Melbourne Companies fined for Unsafe Scaffolding

Two Melbourne companies have been fined $62,000 in total for unsafe scaffolding at a work site at Bentleigh East, after an investigation revealed scaffolding at the site leaning towards overhead power-lines during wind gusts in October 2016.

The company was found guilty of 3 charges, 2 of failing to provide and maintain a safe workplace and 1 of failing to ensure people other than employees were not exposed to risks posed by scaffolding at the site.

The company was fined $45,000 and ordered to pay $4699 and a separate construction company was fined $17,000 and ordered to pay costs of $4089.

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Skylight Falls Prompt Safety Alert

A safety alert has been issued by SafeWork NSW following a workplace incident last month that resulted in the death of one worker.

The worker was killed and two other suffered serious injuries after falling through a skylight recently prompting the safety alert from SafeWork.

The regulator said these incidents are proof that it’s not  just exposed edges that create the risk of a fall when working on roofs.  SafeWork reminded all workers that not every area of a roof is safe to walk on or step or fall onto.

Sometimes plastic sheeting can become brittle and is reliant on correct installation for its effectiveness.



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Beware when Lifting or Opening Packed Glass Sheets

 Safe Work NSW has released a safety alert reminding workers of the risks of handling packs of glass sheets. Workers are reminded not to rely on the packaging to the support the contents when lifting or opening the package.
The safety alert comes after a glazier was fatally injured while moving a package of glass sheets with an overhead crane in December 2016. Investigations found that failure of the packaging was a contributing factor in the fatal incident.
SafeWork NSW said anyone handling these packs of glass sheets should first consult their supplier about the design and construction of the packaging and get information about whether the packaging is designed to support the contents. They should also seek advice on how the packs should be lifted and opened.


Safety Alert Issued – Trench Support Systems

Workplace Health and Safety Queensland released a safety alert highlighting the risk of trench collapse when a shoring box or trench support system doesn’t extend the full depth of the trench.
The warning comes after an incident last month involving a worker who was seriously injured when the ground collapsed in a trench, the worker was crushed.
Another incident occurred on the Gold Coast in 2016, when a shoring box did not extend for the entire depth of the trench, injuring the worker.
Workplace Health and Safety Queensland said the collapse of any un-shored section of trench can occur because of a number of reasons including the type of ground, ground water, rain and loading applied to the ground. Wherever a trench is excavated below a shoring box, the weight of the shoring box can increase the likelihood of ground collapse because the trench wall has a load applied within its zone of influence. Read more about the safety alert at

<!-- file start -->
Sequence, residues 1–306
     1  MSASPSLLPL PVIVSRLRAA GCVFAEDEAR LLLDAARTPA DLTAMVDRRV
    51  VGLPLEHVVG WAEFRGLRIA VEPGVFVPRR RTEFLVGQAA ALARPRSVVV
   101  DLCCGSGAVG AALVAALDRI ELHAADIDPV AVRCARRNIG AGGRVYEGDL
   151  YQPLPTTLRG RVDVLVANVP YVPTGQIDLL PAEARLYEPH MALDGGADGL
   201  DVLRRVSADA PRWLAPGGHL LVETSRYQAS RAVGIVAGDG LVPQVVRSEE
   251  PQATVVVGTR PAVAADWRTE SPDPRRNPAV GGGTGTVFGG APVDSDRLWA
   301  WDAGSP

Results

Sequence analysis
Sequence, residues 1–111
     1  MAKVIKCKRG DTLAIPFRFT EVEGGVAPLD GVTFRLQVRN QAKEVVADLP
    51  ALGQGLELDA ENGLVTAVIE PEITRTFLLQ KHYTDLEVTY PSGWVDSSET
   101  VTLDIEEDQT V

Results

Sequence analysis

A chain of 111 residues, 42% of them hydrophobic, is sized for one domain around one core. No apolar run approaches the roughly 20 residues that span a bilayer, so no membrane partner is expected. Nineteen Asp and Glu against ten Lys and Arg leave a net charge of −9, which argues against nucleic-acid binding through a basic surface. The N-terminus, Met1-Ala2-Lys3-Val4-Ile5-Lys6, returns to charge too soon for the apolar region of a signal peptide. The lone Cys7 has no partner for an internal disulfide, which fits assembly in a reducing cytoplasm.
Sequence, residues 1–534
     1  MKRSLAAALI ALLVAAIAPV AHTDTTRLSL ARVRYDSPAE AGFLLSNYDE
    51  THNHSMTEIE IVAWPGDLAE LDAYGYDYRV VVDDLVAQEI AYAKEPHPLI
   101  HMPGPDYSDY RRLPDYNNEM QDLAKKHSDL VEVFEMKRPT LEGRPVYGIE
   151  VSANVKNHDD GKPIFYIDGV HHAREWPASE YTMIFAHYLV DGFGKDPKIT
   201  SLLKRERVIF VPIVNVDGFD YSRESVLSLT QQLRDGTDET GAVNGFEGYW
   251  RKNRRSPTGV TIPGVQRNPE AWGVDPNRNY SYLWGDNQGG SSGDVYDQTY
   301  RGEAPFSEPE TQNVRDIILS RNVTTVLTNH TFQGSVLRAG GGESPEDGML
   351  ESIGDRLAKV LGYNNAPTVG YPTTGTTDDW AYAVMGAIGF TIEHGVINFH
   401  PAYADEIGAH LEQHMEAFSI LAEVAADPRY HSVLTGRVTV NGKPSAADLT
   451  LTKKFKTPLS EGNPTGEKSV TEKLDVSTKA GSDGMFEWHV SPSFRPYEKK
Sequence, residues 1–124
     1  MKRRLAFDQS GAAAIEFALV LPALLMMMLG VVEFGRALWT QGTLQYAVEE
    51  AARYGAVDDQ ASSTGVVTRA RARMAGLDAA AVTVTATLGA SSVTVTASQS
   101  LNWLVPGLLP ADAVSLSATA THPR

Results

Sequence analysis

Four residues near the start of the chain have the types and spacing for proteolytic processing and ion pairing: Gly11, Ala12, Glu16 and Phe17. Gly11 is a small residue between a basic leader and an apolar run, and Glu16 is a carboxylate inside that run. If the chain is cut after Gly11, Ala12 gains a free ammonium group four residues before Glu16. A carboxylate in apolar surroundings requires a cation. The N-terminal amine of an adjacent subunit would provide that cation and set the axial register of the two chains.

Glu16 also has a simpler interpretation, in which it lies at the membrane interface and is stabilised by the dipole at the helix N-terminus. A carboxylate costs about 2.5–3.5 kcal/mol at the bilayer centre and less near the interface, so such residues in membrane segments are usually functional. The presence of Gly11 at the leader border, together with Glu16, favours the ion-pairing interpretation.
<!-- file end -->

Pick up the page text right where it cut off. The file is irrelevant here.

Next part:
Safety Alert Issued Regarding Movement of Vehicles

A safety alert has been issued by SafeWork NSW reminding people that work with vehicles of the risks associated with the uncontrolled movement on vehicles.

In most cases where people are injured or killed by the uncontrolled movement of vehicles, the driver or operator is not in the driver’s seat at the time. This includes accidents involving cars, buses, trucks, vans, forklifts, tractors, mobile cranes and any other vehicles.

SafeWork said the uncontrolled movement of vehicles can occur because of a single reason or a combination of the following,

  • operator not engaging the brake at all or engaging it insufficiently.
  • operator exiting the vehicle while it’s still in gear
  • parking the vehicle on an incline
  • failure to inspect and/or maintain the braking system.


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Shoring Boxes and Trench Support Systems Alert Issued


Workplace Health and Safety Queensland has released a safety alert to highlight the risk of trench collapse when trench support systems such as shoring boxes don’t extend for the full length of the trench.

The alert comes after a November incident involving ground collapse at a trench on a Brisbane construction site. A worker was seriously injured during the accident.

A similar incident occurred in 2016 at a Gold Coast construction site.

In both incidents the shoring boxes did not extend for the full depth of the trench in both incidents.

The alert highlighted that a variety of factors can contribute to such a collapse including the type of ground, ground water, rain and loading applied to the ground.

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Beware of Flood Damage

flood damage 2

After a flood its always important to be cautious around electrical appliances and accessories but Work Safe NT is reminding all owners and operators of commercial premises of this.

People in the Alice Springs area were recently reminded of the risk of electrical failure and fires following the submemrsion of electrical appliances and accessories during the recent hailstorm and flooding.

Around 63mm of rain covered the town around the 17th of last month and many businesses and commercial properties were affected.

Read more about the steps to take if your business was affected at

WorkSafe NSW issues Mobile Plant Safety Alert

WorkCover NSW has released a new safety alert which construction employers and workers need to pay attention to.

The WorkCover NSW authority released a new safety alert on working with or around mobile plant in order to make workers aware of the risks associated with this hazard.

Mobile plant includes forklifts, elevating work platforms, delivery vehicles, order pickers, earth moving equipment, prime movers, cranes etc. which all have the ability to cause serious, even fatal injuries to workers working around them or those operating them. Unfortunately these are also commonly used on construction sites and are irreplaceable in many instances.